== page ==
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Roger Quinonez

November 26, 2014


Professor Haas
Writing 37

Updated Watson Conventions in Modern Text


The detective genre experienced the classical phase of genre development during the late
Victorian Era. The detective genre came to its own mostly because of its unique conventions
and the social progress of the middle class during the era. Sir Arthur Conan Doyle, a Victorian
author, wrote the Sherlock Holmes series which brought the detective genre into the Victorian
middle class. One of the conventions that Conan Doyle created was the use of the sidekick:
Watson. Watson is Sherlock Holmes sidekick/partner and as the classical Victorian middle-class
male, he represents the reader. Watson is the narrator in the Sherlock Holmes series and is not
as smart or logical as Holmes. Watson has the same perspective as the reader and doesnt find
out how Holmes solved the mystery until he tells it to the reader. The everlasting popularity of
the detective genre has been maintained by several adaptations of the series in movies and TV
shows including Sherlock and Elementary. Sherlock is a British reenactment of Sherlock Holmes
that started in 2010 and was created by Steven Moffat and Mark Gatiss. The show is primarily
shown On BBC (British Broadcasting Corporation) for 3 seasons and now a 4 th season is in the
works. The show is basically some Sherlock Holmes short stories in the 90 minute episode.

Elementary is the American adaption of the Sherlock Holmes series. Robert Doherty created
Elementary and it began in 2012. Soon enough, Elementary became a prime-time hit on CBS.
Elementary is different from Sherlock mainly because Elementary takes place in Manhattan
instead of London. The reason for the relocation is because Holmes was in rehab and he
became unpopular in England. The 3rd season is currently airing and there will be probably be a
next season. These shows are modern but how can they present the show in a modern way?
Sherlock and Elementary both showcase updated detective conventions of Watson such as,
gender change and modernization of his attitude, in order to appeal to the present day
audience. Elementary updates the gender while another updates Watsons attitude to a low
degree but they each have their own way of updating these Watson conventions.
The Watson-Holmes relationship in Elementary tends to be more a duo than a studentteacher relationship. Doherty made a controversial decision and starred Lucy Liu as Watson.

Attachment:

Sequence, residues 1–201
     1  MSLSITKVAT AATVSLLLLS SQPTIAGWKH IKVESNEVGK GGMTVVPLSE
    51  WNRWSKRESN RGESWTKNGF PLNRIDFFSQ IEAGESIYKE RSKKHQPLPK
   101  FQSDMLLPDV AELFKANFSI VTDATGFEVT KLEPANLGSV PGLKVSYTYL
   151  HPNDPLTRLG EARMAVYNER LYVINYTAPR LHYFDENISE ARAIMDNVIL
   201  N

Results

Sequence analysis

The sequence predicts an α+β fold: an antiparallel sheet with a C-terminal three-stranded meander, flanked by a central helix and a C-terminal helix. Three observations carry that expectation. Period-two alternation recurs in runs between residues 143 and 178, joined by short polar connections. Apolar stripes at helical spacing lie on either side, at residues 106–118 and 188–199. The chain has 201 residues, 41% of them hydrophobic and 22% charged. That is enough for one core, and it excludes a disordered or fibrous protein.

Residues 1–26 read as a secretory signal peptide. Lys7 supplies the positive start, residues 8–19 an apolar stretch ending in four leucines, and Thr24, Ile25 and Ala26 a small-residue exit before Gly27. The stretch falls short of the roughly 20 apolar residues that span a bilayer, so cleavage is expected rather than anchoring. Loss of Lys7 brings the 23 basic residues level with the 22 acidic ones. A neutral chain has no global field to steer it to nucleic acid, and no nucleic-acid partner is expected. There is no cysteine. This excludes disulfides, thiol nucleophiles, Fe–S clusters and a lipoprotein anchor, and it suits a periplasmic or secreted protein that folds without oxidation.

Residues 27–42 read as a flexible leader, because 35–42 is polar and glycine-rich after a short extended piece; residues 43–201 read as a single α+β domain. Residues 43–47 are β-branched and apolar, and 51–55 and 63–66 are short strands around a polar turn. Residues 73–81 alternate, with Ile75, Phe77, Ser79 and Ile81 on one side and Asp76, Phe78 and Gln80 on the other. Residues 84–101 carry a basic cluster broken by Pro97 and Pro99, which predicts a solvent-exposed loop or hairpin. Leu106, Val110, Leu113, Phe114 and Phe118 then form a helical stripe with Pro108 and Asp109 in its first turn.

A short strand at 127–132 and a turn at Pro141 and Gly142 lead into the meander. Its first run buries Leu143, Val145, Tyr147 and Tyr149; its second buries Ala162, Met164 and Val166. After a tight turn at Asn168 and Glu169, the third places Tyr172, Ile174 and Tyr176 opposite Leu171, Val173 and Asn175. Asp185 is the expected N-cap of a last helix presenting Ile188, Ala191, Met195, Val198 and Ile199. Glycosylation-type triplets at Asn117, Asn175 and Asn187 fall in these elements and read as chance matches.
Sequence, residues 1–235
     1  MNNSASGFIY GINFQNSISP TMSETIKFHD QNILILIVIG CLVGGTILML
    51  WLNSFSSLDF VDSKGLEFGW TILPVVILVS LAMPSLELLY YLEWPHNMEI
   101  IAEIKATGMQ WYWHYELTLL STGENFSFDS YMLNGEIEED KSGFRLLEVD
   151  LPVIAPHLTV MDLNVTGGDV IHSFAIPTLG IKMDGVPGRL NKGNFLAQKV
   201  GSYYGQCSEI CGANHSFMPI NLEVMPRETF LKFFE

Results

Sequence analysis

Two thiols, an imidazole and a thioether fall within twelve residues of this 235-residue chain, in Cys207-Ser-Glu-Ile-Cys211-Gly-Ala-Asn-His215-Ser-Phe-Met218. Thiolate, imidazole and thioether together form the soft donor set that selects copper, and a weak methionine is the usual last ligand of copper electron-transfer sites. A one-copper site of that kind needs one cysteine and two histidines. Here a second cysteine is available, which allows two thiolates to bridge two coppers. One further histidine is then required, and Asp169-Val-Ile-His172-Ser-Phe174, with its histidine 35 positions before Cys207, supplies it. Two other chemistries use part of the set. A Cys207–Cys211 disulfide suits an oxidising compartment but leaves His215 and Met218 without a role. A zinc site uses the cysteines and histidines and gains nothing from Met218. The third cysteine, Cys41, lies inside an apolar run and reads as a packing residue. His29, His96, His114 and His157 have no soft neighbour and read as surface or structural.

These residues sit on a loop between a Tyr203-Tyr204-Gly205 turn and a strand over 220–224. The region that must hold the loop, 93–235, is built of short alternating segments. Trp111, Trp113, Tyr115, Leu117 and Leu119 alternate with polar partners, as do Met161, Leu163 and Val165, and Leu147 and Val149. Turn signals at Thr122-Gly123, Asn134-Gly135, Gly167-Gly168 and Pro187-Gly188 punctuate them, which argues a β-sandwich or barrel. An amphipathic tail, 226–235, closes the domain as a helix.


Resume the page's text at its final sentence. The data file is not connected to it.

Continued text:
Joan Watson was a surgeon until one of her patients was lost. She then became a companion
for Holmes so he can transition for being in rehab to a sober life. Elementary changed the
dynamic of Watson being a male and portraying him as Holmess student. In the pilot episode,
both Holmes and Watson go to a victims house to question her about the assault that
happened to her. Holmes asks her a series of questions and she starts to feel uncomfortable.
However, Holmes doesnt realize or doesnt care so he begins to act out strangling while asking
more questions. The victim calls him out on it and suggests he leave, but Holmes knows that
shes lying about her answers. Meanwhile, Joan Watson repeatedly tries to stop Holmes from
asking any more insensitive questions. Sherlock Holmes loses his temper and shouts at Watson
that hes correct and that she should read a book. Watson eventually gets him to leave the

household and she gets valuable information from the victim.


This scene shows that the modern Watson is in your face to Holmes. She doesnt take his
nonsense and isnt afraid to call him out on it. The Victorian Watson would not do any of that
because Holmes would absolutely destroy him. Literary scholar Leroy Panek wrote a book
about the detective Genre and Holmes and he wrote that, Holmes feels impelled to point out
Watson's errors and to show him how to do the thing correctly(21). This is not the case in
Elementary .The scene starts off with a picture of another victim in the middle of the frame and
then the victim talking to the right of the frame. When she is talking, there is a shallow focus to
Watson, who is in the middle of the frame but towards the back. This shows that Watson will
be a significant part of the scene. The camera angle of the scene is medium height because the
point of view is slightly below the victims face. However, Holmes is standing up so the angle is
low on him. Whenever the camera is on him, he is speaking down to the victim. There are close
ups for each character in the scene and the dialogue goes back and forth. Then, when Watson
has enough of Holmes, she is standing and Holmes is now sitting. There is a low angle of
Watson as she tells Holmes to get out of the house. It is the complete opposite from the
beginning of the scene and it shows that Watson isnt the little one that was in the classical
convention. She is still a student but she is much more equal in the present interpretation. The
modernized Watson is upfront, sassy, and just about everything youd expect from a 21 st
century sidekick. After Holmes leaves, Watson gets the assaulters name and reports it to